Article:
13. Pom-poms. So tactile.
  14. Books and reading as the nights draw in. Bliss!
  15. Freshly baked bread. The smell. The texture.
  16. Learning something new. Always.
  17. The changing landscape, magical, moving on.
  18. Staying cosy with blankets and slankets and throws.
  19. Candles. Scented or not. Church or twilight.
  20. Burning incense. Evocative.

Cosy Candles

Do you agree with these? What would you add?

 

 

Friday Diary: Memories, Gratitude & a Liebster Award! by daintydora

Liebster Award I like to blog, and I like to save and share things, and I have a good memory.

And I feel GRATITUDE, all the time, for the wonderful people in my life; guiding stars, family, friends, my online community.

So when all of these things come together, it makes for a very special day.

Imagine my delight then when I found out last week that my bloggy friend Michelle from That Summer Feeling had nominated me for a Liebster Award, a blogging award passed from one blogger to another, recognising a job well done.
When I read the beautiful words that Michelle had used to describe me, I was truly touched. It was so out of the blue and unexpected.

So now I'm going to answer the questions that Michelle has posed for me when she passed on this award:

1. What was your first job?

From the age of 13, I had a Saturday job cleaning chalets at a timeshare resort near where I lived. It was really hard work sometimes, especially if the people who'd been staying had brought a dog. Eurgh. Dog hair everywhere. Other times it was pretty easy. Each chalet was kitted out with satellite TV and it was like having your own little house for a day.

2. What is your favourite book and why (yes just one)?

Such a tough question. There are so many books that I love, but only a few that have truly touched me. I remember reading Wild Swans by Jung Chang when I was at university. It's a true story that spans three generations of women - grandmother, mother, daughter - during the Cultural Revolution in China. The scene below is so powerful because there was a time in my life when I didn't see my mother for two years, and so it really resonated with me:

My mother walked half an hour with me to the roadside and we sat down in the high grass to wait. The sweep of the landscape undulated with the gentle waves of the thick cogon grass. The sun was already bright and warm.

My mother hugged me, her whole body seeming to say that she did not want to let me go, that she was afraid she would never see me again. At the time, we did not know whether her camp and my commune would ever come to an end.

We had been told we would be there for life. There were hundreds of reasons why we might die before we saw each other again. My mother's sadness infected me, and I thought of my grandmother dying before I was able to get back from Ningnan.

The sun rose higher and higher. There was no trace of my truck. As the large rings of smoke that had been pouring out of the chimney of her camp in the distance thinned down, my mother was seized by regret that she had not been able to give me the New Year's breakfast. She insisted on going back to get some for me.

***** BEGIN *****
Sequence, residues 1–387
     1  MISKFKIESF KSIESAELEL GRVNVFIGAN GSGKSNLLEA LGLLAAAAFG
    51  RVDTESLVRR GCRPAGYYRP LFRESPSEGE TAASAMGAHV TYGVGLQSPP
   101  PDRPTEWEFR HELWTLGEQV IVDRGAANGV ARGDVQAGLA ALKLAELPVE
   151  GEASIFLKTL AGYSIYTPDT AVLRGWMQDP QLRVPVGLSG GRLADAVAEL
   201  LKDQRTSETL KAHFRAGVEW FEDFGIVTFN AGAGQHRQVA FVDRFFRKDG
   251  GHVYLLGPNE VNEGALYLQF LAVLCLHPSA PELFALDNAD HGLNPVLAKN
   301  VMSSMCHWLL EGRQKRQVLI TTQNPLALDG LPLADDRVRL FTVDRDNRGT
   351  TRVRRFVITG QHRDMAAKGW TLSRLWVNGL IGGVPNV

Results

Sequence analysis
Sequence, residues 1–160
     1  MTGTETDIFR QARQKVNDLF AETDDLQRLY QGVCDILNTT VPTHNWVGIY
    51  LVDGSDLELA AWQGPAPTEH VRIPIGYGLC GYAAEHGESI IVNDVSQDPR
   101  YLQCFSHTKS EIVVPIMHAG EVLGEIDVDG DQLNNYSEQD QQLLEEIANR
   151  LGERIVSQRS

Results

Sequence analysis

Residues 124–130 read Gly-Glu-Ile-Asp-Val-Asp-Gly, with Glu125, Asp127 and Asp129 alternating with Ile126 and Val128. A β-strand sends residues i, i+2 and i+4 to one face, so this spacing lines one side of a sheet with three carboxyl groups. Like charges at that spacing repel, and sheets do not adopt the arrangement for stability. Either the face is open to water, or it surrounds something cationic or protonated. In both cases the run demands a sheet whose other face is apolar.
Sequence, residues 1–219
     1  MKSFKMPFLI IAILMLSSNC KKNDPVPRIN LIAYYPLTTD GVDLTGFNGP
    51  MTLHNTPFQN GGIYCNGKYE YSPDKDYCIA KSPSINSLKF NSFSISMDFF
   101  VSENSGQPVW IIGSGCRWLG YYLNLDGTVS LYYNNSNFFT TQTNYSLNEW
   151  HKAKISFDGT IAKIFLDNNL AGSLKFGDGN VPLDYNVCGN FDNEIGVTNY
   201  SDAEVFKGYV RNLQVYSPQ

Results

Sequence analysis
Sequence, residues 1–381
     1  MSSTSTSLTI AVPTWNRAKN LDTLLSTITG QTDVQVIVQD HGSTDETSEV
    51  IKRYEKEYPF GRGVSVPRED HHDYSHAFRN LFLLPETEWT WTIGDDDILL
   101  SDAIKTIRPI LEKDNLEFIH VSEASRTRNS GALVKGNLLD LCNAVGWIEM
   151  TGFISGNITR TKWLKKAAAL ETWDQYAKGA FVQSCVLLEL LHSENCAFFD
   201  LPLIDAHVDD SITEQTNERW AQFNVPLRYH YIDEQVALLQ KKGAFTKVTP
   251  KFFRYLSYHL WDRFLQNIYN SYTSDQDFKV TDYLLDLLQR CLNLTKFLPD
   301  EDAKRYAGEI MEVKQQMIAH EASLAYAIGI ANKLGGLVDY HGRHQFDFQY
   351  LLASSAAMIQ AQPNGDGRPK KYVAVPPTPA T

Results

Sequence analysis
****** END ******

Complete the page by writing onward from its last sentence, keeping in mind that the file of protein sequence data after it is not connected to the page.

While she was away the truck came. I looked toward the camp and saw her running toward me, the white-golden grass surging around her blue scarf. In her right hand she carried a big colorful enamel bowl. She was running with the kind of carefulness that told me she did not want the soup with the dumplings to spill. She was still a good way off, and I could see she would not reach me for another twenty minutes or so. I did not feel I could ask the driver to wait that long, as he was already doing me a big favor.

I clambered onto the back of the truck. I could see my mother still running toward me in the distance. But she no longer seemed to be carrying the bowl.

Years later, she told me the bowl had fallen from her hand when she saw me climbing onto the truck. But she still ran to the spot where we had been sitting, just to make sure I had really gone, although it could not have been anyone else getting onto the truck. There was not a single person around in that vast yellow ness For the next few days she walked around the camp as though in a trance, feeling blank and lost.

Sorry that was so sad!

3. What makes your heart sing?

Love, music, bright days, losing myself in 'creative flow', ideas, dreams, big cups of tea!

A cup of tea with me!

4. What do you think is your best quality?

I think it would be empathy. I can empathise to the point of tears. This is developing into a bit of a theme, but I think it's good to be able to recognise, understand and empathise with others and the problems or issues they face. It's a great leveler. It keeps us rooted in reality.

5. If you could meet anyone and ask them one question, who would it be and what would the question be?

I think if I had the chance, I'd ask my Nana (who passed away when I was 13), what it was like for her growing up in South Africa. I'd love to listen to her stories again now, as an adult.

6. Have you ever been locked in somewhere, for example-I got locked in a shopping centre toilet. If so where was it and how did you get out?

I was temporarily 'trapped' in the ladies toilet once. It was at Hampden Park Football Stadium. I'd never been before and just wanted to wash my hands, so I hadn't even used the toilet. I didn't realise you came in one door and out from another door, which was on the opposite side of the room. It was quite a big space. I scrabbled for ages at the door I'd come in through, hoping someone else would come in and rescue me. They didn't. Eventually I called for help on my phone and it was all over the tannoy system that I was 'trapped' in the toilet, when in reality, I just needed to walk across to the exit. Not a great experience!

7. Do you have a pet(s). What did you name them and why?